| CliveKoopa wrote:|
I am moving house in a couple of months and I have decided to start using my telescope. My specification is:
Objective Diameter: 600mm (2.36")
Focal Length: 700mm
Eyepieces: 12.5mm, 4mm
Erecting Eyepiece: 1.5X
Maximum Magnification: 525X
Accessories: Diaganal, 5X24mm Finderscope
I would like to know what does the Barlow and Erecting eyepieces do?
What will I be able to see with this specification?
What does the finderscope do?
I am sure you meant 60mm objective diameter (aperture) rather than 600mm. that would be nice however.
And I can assure you that you will not achieve 525x magnification with that telescope.
50x to 60x per inch of aperture. Or 2x per millimeter. Generally magnification is also restricted to about 300x to 350x magnification maximum even in much larger telescopes by the Earths atmosphere. However, larger aperture is still better even at equal magnifications. More aperture equals higher resolving power.
Divide the focal length of the telescope by the focal length of the eyepiece to calculate the magnification you will be using
for example this telescope has a 700mm focal length and has a 12.5mm EP and a 4mm EP
700 / 12.5 = 56x magnification
700 / 4 = 175x magnification. (exceeding the limits of the telescopes aperture)
Include the 3xBarlow into those equations then with the 12.5mm EP you would have 168x magnification (again exceeding the limits of the aperture.) With the 4mm EP and 3xBarlow you would get 525x magnification, which is by far exceeding the limitation of a 60mm telescope. You wouldn't see anything but a black or at best a dark faint blur. Just because the combination of eyepieces, Barlow and telescopes focal length equal to a certain number doesn't mean you can use it.
If that is what they are telling you then it is time to look elsewhere to shop for your telescope. Did you read my long post on getting started into amateur astronomy? I seriously recommend you review that before you continue any further. Scroll down to the part about magnification. Please read through it. That will give you a greater understanding of what to look for. http://www.astronomy.com/ASY/CS/forums/291288/ShowPost.aspx
What does a barlow do?
A barlow lens multiplies the focal length of the telescope effectively multiplying the magnification with whatever eyepiece you are using it with. If it is a 3xBarlow then it will multiply the magnification by 3. If you are using a eyepiece the will yeild 100x magnification with your telescope, then when you include a 3xbarlow you would double the effective magnification to 300x. Far beyond the capabilities of that telescope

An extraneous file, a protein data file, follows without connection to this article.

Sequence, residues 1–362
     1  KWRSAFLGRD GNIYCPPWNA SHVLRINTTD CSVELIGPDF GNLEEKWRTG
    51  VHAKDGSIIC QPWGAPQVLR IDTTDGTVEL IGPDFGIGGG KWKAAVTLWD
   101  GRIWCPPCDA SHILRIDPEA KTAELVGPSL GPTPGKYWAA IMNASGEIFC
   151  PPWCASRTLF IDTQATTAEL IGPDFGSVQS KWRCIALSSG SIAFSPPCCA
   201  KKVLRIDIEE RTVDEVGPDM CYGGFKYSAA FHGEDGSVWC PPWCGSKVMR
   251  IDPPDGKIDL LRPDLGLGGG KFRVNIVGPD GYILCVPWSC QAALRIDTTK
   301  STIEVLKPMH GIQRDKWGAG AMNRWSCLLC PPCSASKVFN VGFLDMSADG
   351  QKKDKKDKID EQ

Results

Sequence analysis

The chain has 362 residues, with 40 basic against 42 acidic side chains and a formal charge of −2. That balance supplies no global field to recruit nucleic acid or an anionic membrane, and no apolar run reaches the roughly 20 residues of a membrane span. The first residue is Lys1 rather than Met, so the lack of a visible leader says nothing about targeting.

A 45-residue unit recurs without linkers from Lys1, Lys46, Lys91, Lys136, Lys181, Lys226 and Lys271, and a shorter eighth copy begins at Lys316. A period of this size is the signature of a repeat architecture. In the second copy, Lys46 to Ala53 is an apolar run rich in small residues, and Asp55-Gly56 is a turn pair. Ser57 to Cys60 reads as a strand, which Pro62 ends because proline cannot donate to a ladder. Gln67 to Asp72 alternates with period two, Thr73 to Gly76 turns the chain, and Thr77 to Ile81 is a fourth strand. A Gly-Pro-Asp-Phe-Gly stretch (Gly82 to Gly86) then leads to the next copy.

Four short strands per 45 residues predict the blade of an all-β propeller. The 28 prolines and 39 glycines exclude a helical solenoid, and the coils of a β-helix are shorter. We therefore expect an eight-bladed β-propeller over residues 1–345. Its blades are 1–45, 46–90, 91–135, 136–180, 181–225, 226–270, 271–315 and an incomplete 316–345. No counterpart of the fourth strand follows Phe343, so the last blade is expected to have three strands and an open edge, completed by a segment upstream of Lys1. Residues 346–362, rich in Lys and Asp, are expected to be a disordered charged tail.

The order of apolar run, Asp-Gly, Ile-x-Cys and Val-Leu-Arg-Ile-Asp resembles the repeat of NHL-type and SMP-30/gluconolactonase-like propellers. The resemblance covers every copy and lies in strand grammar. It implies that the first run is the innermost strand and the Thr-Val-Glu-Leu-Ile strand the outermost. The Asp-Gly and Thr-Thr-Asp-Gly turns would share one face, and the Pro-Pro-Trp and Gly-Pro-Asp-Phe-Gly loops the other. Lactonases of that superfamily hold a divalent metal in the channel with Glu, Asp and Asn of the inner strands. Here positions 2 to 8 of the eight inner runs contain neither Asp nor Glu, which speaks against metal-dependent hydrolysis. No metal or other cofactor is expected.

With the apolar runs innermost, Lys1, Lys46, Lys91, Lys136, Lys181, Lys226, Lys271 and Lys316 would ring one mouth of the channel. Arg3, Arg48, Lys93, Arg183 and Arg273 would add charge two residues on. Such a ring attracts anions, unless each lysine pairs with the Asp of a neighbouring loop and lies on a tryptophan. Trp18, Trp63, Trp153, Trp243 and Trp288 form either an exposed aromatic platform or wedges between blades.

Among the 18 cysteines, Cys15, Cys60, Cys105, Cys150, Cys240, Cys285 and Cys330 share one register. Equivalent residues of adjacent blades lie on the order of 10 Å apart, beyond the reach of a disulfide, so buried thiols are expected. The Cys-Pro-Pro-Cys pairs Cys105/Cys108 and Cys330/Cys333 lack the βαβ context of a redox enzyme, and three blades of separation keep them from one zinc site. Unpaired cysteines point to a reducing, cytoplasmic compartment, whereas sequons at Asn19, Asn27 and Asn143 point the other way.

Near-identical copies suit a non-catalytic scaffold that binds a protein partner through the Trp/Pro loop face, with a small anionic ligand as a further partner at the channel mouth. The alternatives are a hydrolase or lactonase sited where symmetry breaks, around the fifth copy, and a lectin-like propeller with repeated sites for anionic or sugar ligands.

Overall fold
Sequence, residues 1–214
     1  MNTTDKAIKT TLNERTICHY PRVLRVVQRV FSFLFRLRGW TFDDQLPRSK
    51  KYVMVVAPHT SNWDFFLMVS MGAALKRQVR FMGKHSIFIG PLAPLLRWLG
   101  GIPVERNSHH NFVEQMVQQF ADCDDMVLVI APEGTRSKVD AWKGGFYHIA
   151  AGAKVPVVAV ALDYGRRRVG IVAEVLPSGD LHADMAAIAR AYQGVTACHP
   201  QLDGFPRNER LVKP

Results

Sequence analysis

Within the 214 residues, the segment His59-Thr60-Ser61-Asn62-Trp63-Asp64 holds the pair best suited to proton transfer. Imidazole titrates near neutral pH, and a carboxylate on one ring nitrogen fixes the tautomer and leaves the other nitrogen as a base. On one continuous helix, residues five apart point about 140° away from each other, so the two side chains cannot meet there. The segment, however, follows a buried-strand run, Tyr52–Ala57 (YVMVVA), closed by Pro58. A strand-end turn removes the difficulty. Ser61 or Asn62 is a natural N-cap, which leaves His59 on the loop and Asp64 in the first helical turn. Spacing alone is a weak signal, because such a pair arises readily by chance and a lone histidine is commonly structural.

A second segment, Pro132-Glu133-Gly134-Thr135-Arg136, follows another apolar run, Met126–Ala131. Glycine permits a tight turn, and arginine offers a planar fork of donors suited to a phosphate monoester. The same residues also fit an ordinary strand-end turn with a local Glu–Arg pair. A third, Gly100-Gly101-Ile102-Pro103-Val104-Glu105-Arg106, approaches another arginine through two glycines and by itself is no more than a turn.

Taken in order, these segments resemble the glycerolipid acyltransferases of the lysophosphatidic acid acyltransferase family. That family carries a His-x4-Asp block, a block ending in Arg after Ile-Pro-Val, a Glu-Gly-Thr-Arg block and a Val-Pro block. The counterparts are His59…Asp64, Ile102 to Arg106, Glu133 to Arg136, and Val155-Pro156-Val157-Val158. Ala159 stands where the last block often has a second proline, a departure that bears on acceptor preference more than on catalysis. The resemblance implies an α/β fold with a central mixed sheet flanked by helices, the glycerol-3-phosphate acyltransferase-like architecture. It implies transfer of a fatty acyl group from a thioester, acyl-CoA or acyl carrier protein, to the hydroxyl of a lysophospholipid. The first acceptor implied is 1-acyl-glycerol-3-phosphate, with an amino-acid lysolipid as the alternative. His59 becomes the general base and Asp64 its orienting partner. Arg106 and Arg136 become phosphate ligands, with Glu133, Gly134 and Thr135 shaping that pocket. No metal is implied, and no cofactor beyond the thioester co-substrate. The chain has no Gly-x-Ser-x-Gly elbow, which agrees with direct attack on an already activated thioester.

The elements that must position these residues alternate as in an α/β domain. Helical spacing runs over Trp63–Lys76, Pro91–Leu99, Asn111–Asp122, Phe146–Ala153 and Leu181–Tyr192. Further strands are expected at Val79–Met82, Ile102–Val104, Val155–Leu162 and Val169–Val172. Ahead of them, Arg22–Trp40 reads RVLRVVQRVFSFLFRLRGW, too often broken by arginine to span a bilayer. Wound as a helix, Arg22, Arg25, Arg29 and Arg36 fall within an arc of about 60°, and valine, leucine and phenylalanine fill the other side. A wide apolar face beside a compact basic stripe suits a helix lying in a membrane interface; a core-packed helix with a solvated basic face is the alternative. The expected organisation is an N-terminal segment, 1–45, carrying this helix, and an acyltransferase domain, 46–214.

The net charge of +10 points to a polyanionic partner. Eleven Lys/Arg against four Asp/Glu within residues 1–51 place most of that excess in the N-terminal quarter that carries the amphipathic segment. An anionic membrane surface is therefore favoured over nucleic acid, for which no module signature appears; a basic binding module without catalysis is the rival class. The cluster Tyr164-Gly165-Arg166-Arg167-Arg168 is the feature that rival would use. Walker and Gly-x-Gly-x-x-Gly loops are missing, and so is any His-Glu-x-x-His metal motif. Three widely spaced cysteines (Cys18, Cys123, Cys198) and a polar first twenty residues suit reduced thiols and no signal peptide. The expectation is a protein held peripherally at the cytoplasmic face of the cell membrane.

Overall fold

An errecting eyepiece corrects the orientation of the image so it appears in the eyepiece as it would if you were to look at it with the naked eye. Generally used for terrestrial observing such as birdwatching.
When you look through a telescope otherwise, the object will be be oriented quite differently than you are used to. For example without getting too deep into the details of how optics work, a Reflector will project the image sort of inverted and reversed. A refractor will project the image inverted and reversed if you were to use the eyepiece straight through. If you were to use the eyepiece with a star diagonal it would only appear reversed. However, you can also get a correct image star diagonal. IMHO those work better than errecting image eyepieces. Especially those included with entry level telescopes.
What does the finderscope do?
It is essentially a small version of a refractor telescope in most circumstances. It is used to aim the telescope in the general area of the object you are looking for. You have to first align it to the telescope so they will be looking at the same thing.
Some objects are bright enough to be seen in the finderscope. However, many times you will only be able to use it to aim on a star or formation of stars (Astrism) to get you in close proximity of the object you are hunting.
What can you expect to see?
To be totaly honest, I get the feeling it won't be as much as you would like. Unless you are in pristine clear very dark skies not much other than the moon. You will be able to identify and locate the larger planets and some other deep sky objects. But the amount of detail will be very little and very plain. The planets will be very small and pretty much featureless. You should still be able to see and distinguish the rings around Saturn and some of the darker banding around Jupiter. You will be able to see some of the brighter and or large deep sky objects. The Orion Nebula, The Andromeda Galaxy and a few other smaller but brighter galaxies, open clusters and a few of the more dense globular clusters. However, they will leave a lot up to your imagination than you will actually be able to view. You will be limited to a maximum useful magnification of only around 120x. The planets such as Saturn and Jupiter don't really start resolving much detail until you reach 200x and higher.
Have A Nice __________